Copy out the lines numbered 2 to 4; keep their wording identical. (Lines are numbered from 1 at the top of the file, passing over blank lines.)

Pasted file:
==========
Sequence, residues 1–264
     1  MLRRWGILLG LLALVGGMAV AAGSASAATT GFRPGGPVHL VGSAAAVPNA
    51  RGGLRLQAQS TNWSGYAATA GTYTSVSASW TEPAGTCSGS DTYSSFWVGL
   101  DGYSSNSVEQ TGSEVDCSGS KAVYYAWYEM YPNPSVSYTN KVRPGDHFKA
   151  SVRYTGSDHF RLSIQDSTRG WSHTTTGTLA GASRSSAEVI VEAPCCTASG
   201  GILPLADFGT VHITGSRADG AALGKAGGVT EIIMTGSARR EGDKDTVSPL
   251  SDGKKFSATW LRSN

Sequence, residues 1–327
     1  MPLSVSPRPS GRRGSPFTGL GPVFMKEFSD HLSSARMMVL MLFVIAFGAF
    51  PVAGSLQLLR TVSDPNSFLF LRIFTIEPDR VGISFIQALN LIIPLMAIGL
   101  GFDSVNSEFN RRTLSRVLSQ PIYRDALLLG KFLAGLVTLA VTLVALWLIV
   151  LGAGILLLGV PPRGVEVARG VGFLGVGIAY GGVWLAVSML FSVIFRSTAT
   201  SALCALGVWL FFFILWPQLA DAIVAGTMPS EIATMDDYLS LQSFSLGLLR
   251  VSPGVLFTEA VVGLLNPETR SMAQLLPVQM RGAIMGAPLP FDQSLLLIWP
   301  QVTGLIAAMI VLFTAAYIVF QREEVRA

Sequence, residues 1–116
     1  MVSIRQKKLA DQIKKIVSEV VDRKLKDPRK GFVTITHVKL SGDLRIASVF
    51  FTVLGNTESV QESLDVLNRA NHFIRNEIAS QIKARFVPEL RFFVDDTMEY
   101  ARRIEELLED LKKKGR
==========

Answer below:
     1  MLRRWGILLG LLALVGGMAV AAGSASAATT GFRPGGPVHL VGSAAAVPNA
    51  RGGLRLQAQS TNWSGYAATA GTYTSVSASW TEPAGTCSGS DTYSSFWVGL
   101  DGYSSNSVEQ TGSEVDCSGS KAVYYAWYEM YPNPSVSYTN KVRPGDHFKA